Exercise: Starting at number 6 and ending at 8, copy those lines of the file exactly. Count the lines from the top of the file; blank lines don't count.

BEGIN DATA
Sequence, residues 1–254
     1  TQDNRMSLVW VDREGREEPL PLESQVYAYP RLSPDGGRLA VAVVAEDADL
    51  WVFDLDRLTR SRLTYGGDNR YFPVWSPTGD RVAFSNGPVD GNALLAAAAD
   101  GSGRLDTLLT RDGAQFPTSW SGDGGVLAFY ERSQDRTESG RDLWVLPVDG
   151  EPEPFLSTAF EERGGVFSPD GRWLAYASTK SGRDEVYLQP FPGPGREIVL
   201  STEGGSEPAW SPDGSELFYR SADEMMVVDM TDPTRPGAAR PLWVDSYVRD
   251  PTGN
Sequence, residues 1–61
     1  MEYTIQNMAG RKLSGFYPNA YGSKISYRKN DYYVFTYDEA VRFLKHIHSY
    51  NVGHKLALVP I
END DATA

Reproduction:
   201  STEGGSEPAW SPDGSELFYR SADEMMVVDM TDPTRPGAAR PLWVDSYVRD
   251  PTGN
Sequence, residues 1–61